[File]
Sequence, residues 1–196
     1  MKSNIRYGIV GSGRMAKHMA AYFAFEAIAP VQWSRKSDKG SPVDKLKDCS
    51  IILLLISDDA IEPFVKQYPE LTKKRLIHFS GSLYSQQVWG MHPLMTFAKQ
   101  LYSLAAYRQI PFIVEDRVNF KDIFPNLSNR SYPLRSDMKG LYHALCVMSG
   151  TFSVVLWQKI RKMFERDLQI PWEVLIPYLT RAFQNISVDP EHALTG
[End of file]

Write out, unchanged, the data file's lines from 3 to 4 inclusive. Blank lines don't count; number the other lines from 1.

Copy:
    51  IILLLISDDA IEPFVKQYPE LTKKRLIHFS GSLYSQQVWG MHPLMTFAKQ
   101  LYSLAAYRQI PFIVEDRVNF KDIFPNLSNR SYPLRSDMKG LYHALCVMSG